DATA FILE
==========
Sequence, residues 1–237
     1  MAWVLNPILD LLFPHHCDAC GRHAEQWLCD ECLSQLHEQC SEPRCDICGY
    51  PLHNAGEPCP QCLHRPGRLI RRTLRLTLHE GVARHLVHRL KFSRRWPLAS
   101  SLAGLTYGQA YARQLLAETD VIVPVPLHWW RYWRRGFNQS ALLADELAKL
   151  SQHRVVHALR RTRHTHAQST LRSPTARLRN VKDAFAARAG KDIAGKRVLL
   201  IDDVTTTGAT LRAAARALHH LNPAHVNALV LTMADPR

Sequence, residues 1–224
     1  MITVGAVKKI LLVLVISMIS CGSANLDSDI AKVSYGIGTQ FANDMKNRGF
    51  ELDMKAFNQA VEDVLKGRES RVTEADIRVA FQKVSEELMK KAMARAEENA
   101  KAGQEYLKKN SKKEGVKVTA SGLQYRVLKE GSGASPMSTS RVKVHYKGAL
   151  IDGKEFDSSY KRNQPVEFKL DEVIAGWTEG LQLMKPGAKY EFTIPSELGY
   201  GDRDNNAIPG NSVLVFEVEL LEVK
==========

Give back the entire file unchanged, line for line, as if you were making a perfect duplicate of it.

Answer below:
Sequence, residues 1–237
     1  MAWVLNPILD LLFPHHCDAC GRHAEQWLCD ECLSQLHEQC SEPRCDICGY
    51  PLHNAGEPCP QCLHRPGRLI RRTLRLTLHE GVARHLVHRL KFSRRWPLAS
   101  SLAGLTYGQA YARQLLAETD VIVPVPLHWW RYWRRGFNQS ALLADELAKL
   151  SQHRVVHALR RTRHTHAQST LRSPTARLRN VKDAFAARAG KDIAGKRVLL
   201  IDDVTTTGAT LRAAARALHH LNPAHVNALV LTMADPR

Sequence, residues 1–224
     1  MITVGAVKKI LLVLVISMIS CGSANLDSDI AKVSYGIGTQ FANDMKNRGF
    51  ELDMKAFNQA VEDVLKGRES RVTEADIRVA FQKVSEELMK KAMARAEENA
   101  KAGQEYLKKN SKKEGVKVTA SGLQYRVLKE GSGASPMSTS RVKVHYKGAL
   151  IDGKEFDSSY KRNQPVEFKL DEVIAGWTEG LQLMKPGAKY EFTIPSELGY
   201  GDRDNNAIPG NSVLVFEVEL LEVK